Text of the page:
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William Tripp (politician)

From Wikipedia, the free encyclopedia

William Tripp (November 29, 1817 probably in Bethel, Maine – March 29, 1878 in Dakota Territory) was an American politician, lawyer, soldier, and surveyor.

Tripp's father, also named William Tripp, was a farmer and minister. He married Lucy Tebbets on January 3, 1814, and William Tripp was their second child.[1] After attending the Maine Wesleyan Seminary, he studied law and was admitted to the bar at the age of twenty-one. A Democrat, he or his father represented Harmony in the Maine House of Representatives in 1841; he represented Wilton in the Maine Senate in 1848–9, becoming Senate President in 1849.[2] In 1852 he was serving as county attorney for Franklin County, a Justice of the Peace, and a Brigadier General (Second Brigade, Eighth Division) of the Maine Militia. [3]

In 1852 he left Maine and settled in Dubuque, Iowa, where he practiced law. In 1857 he moved to Sioux City, Iowa. At the beginning of the Civil War, he became the commander of Company B of the 1st Dakota Cavalry, serving under General Alfred Sully on the frontier. From 1866-9 he served as Surveyor General for the Dakota Territory under President Andrew Johnson. He later practiced law in Yankton in the Dakota Territory with his younger half-brother Bartlett Tripp, later a judge and diplomat. The first meeting of the Upper House of the Territorial Legislature, in March 1862, occurred at William Tripp's house in Yankton.[4]

Tripp played a part in the story of the first man officially convicted and jailed by the Dakota Territory. A man named Frank Sullivan was brought to Yankton in October 1870, accused of stealing horses from the Indians. William Tripp managed to get him acquitted. However, while working for William's half-brother Bartlett, Sullivan forged an order for a suit of clothes and fled when his crime was discovered. Brought back to Yankton, he escaped the jail and stole a horse from William Tripp. He was once more captured, while trying to use another forged order, this time from William Tripp, brought back, convicted, and sent to prison in December 1871.[5]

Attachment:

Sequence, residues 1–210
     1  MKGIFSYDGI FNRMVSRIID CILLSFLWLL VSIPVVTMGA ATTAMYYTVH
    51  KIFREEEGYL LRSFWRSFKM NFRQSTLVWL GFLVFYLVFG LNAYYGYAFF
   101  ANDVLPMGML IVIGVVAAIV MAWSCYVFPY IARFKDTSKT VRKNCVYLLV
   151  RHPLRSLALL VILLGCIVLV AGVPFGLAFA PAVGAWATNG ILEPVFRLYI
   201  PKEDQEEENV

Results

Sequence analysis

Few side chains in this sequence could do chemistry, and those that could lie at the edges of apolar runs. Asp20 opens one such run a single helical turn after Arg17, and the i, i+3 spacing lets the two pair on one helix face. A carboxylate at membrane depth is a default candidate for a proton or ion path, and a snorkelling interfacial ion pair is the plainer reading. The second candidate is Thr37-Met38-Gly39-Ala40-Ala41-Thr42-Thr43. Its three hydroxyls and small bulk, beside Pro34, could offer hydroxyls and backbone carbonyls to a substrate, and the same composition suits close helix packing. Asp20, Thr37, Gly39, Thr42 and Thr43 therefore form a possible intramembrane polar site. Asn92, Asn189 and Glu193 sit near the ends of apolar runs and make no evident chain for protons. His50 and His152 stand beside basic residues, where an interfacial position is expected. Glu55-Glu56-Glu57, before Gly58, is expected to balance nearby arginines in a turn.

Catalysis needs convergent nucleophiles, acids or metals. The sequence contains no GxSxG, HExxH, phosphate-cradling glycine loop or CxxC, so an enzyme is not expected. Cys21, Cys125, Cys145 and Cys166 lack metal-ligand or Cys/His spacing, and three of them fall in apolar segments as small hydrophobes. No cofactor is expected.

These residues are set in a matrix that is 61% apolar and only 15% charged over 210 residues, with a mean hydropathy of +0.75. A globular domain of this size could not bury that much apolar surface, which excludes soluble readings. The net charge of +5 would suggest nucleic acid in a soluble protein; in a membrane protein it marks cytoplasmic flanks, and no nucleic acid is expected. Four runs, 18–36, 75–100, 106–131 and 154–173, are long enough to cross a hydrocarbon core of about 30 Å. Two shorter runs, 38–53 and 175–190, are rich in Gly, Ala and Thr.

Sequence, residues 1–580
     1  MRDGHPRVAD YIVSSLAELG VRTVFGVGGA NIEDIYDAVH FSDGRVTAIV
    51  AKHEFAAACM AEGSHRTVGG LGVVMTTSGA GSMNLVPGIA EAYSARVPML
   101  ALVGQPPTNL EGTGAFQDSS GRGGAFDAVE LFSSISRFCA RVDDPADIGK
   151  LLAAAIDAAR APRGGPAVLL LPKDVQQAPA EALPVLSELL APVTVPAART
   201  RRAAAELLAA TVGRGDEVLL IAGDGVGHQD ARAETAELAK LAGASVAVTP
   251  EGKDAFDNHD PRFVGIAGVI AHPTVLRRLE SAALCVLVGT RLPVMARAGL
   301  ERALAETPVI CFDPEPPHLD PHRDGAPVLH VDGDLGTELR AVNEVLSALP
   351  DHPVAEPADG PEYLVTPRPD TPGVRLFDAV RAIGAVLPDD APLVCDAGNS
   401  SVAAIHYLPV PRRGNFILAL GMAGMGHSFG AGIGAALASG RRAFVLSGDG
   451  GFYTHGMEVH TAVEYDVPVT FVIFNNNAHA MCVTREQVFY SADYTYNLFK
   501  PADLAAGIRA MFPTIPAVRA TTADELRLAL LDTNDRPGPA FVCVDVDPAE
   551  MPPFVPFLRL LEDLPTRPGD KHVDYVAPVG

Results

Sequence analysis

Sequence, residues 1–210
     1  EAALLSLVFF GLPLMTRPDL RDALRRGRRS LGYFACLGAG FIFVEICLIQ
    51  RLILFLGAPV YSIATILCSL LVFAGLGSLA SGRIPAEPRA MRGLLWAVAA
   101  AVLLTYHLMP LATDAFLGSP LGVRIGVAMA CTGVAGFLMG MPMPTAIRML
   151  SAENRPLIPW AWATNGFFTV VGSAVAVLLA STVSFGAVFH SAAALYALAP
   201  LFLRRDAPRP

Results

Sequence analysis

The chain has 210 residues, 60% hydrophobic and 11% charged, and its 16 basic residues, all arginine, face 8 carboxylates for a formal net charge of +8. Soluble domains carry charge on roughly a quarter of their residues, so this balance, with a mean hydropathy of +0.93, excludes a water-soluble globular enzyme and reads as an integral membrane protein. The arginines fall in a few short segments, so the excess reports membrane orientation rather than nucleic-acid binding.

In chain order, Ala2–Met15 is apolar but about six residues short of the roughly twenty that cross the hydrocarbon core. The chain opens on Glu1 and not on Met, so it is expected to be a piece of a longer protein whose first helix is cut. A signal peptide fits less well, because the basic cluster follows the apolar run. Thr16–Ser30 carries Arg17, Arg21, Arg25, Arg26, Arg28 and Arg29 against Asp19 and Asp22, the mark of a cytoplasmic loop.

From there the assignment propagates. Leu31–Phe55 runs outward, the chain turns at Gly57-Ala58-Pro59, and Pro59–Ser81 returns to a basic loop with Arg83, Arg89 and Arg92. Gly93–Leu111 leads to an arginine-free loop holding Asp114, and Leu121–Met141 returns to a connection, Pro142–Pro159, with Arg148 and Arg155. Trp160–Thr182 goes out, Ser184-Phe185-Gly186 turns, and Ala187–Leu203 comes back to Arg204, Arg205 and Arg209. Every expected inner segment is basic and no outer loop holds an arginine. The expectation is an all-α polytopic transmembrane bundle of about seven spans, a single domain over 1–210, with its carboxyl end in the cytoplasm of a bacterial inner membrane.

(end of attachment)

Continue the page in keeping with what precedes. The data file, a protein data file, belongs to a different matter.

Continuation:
William Tripp and his half-brother Bartlett were both defense lawyers in the 1874 trial of Peter Wintermute for the murder of acting governor Edwin Stanton McCook. William was called as a witness at the trial.[6]

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Tripp married Sarah Adams Woods (1819-1897) in 1841 and had at least two children - William Wallace Tripp (1843-1863) and Flora Louisa Tripp Voter (1849-1913). [7] Tripp and his wife were divorced in 1862 by act of the Dakota legislature.[8] Tripp then married Martha Atwood (1822-1905) and had three children, two of whom died in infancy, and a son, Henry Tripp (1865-1933).


  1. ^ blog on Ripley, Maine history
  2. ^ Maine Legislature page on Tripp
  3. ^ The Maine Register, and State Reference Book, 1852, Hallowell: Masters, Smith, & Co., 1852, pages 49, 64, & 154
  4. ^ article The Beginnings Of Yankton’s Christ Episcopal Church, Yankton Press & Dakotan, June 11, 2011
  5. ^ History of the Dakota Territory, Vol. I, George Washington Kingsbury, Chicago: S. J. Clarke Publishing Co., 1915, p. 563
  6. ^ History of the Dakota Territory, Vol. I, p. 723
  7. ^ A History of Farmington, Franklin County, Maine, from the Earliest Explorations to the Present Time, 1776-1885, Francis Gould Butler, Farmington, ME: Press of Knowlton, McLeary, and Company, 1885, p. 619
  8. ^ Divorce: An American Tradition, Glenda Riley, Univ. of Nebraska Press, 1997, p. 98

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This page was last edited on 8 March 2020, at 18:36
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